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The voice of Scotland’s vibrant voluntary sector

Published by Scottish Council for Voluntary Organisations

TFN is published by the Scottish Council for Voluntary Organisations, Mansfield Traquair Centre, 15 Mansfield Place, Edinburgh, EH3 6BB. The Scottish Council for Voluntary Organisations (SCVO) is a Scottish Charitable Incorporated Organisation. Registration number SC003558.

Public shouldn’t turn their back on vital humanitarian work

This opinion piece is over 6 years old

Richard Cambridge, a humanitarian worker for the International Red Cross, says the public needs to back aid charities

As an aid worker I’m depressed by the current furore over Oxfam. I worked in Haiti in 2010 for a year and know that the vast majority of aid staff from NGOs worked as complete professionals. So this has come as a huge disappointment, mostly because it calls into question our devotion.

Aid workers rarely find themselves in the sector by accident. It takes a certain breed of person. You have to be utterly committed, thick skinned, selfless and prepared to give up all your home comforts.

From an early aid I always wanted to travel. My dad was a pilot in the RAF and we had to move around a lot. I was born in St Andrews, Fife, moved to Aberdeen, Anstruther then Aden in Germany before going on to Cyprus.

Richard Cambridge
Richard Cambridge

I first started out in 1999 working with the International Red Cross running convoys into Bosnia. I'm an engineer by trade and gave my unpaid services to aid charities in the Blakans as countries rebuilt infrastructure after the brutal civil war. We slept in tents alongside the road and we were frequently threatened with all sorts of violence. It was dangerous but I revelled in the excitement. I was single then – aid is really a single person’s vocation – and a bit more care free. With two children, that’s all changed.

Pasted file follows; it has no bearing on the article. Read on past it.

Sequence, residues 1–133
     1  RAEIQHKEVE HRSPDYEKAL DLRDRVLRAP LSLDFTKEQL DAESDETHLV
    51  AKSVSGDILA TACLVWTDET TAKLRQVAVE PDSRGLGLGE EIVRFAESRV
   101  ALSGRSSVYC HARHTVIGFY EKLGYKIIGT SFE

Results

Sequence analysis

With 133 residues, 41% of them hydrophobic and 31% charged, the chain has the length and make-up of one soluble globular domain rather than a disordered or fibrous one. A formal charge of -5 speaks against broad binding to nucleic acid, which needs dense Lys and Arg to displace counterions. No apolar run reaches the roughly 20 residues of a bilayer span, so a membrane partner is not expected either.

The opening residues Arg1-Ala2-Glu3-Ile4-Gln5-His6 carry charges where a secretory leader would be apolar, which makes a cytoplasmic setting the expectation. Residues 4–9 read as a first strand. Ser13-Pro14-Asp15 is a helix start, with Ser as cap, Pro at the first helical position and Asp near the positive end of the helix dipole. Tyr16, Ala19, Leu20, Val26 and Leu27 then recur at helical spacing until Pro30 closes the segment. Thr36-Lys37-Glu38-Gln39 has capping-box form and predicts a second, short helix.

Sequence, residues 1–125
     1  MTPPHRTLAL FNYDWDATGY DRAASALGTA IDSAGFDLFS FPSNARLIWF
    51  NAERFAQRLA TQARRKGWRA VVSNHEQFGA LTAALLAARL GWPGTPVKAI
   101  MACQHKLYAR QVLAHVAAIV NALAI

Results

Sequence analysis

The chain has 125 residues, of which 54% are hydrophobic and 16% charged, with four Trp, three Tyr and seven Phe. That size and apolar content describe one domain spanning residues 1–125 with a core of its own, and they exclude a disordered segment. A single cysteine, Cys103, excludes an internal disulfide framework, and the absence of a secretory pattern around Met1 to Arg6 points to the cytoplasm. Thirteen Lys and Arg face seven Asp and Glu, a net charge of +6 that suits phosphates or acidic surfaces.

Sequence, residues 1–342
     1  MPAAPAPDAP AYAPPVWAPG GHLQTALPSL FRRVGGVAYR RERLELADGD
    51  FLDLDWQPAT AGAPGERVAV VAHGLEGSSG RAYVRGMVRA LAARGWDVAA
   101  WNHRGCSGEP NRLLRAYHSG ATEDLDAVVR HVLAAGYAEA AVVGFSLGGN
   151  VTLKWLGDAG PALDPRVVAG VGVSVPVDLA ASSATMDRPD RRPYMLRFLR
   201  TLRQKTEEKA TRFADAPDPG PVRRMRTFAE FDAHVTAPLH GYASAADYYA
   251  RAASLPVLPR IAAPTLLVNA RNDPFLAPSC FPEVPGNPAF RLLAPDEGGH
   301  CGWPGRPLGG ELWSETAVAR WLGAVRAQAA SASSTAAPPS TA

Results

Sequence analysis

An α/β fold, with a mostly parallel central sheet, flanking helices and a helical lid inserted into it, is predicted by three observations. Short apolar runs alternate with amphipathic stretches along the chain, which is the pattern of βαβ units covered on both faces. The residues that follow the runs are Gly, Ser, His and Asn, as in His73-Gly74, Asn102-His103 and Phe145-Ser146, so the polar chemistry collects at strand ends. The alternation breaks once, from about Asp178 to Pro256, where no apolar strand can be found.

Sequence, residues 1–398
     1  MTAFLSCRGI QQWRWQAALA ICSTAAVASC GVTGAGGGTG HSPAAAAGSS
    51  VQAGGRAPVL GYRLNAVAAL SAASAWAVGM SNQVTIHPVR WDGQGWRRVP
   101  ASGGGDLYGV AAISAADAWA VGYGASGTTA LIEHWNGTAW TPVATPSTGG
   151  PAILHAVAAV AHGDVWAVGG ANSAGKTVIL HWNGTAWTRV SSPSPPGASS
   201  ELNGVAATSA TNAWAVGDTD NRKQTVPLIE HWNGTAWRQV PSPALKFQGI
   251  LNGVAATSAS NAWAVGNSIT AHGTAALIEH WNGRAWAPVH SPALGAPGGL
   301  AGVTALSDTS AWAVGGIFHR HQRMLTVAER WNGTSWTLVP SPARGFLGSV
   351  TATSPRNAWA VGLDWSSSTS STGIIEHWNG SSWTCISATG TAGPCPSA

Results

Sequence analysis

I’ve also worked in Darfur, Lebanon, Syria and Belize and assisted in paid roles with water purification teams in Cambodia and India.

Haiti was different in that it was about rebuilding and disaster relief. That’s the toughest job in aid work. There was huge destruction on the island. Bodies lay in the streets and there was an imminent threat of a cholera epidemic. Over that year I worked tirelessly reconnecting people with loved ones and working in a medicare centre. We made massive strides in getting the country functioning in a very short timeframe.

In Haiti they were over 10,000 NGOs working along with about 100,000 aid workers. With that amount of people there will be problems; it’s disingenuous to think different. But the critical issue is how the aid sector responds to those problems.

There’s no doubt certain people abuse the system and take advantage of crises

I’ve returned to the island in 2016 working in the country’s prisons delivering healthcare. It’s prospering compared to how it was in 2010; I’m proud to say I helped with that.

There’s no doubt certain people abuse the system and take advantage of crises. However we’re well versed in this. We are trained to be aware of colleagues and the mechanisms are in place to deal with this in terms of reporting. And all aid workers have strict codes of conduct, no matter who they work for.

Can the aid sector survive the scandal? Yes, it will but it might have to take a hit. Reputational damage will hit income but the other issue is the fact NGOs have to work hard to get the trust of communities in which they work. Now it is going to be harder to build that rapport with communities, especially in country’s which have a deep suspicions of state control and foreign aid.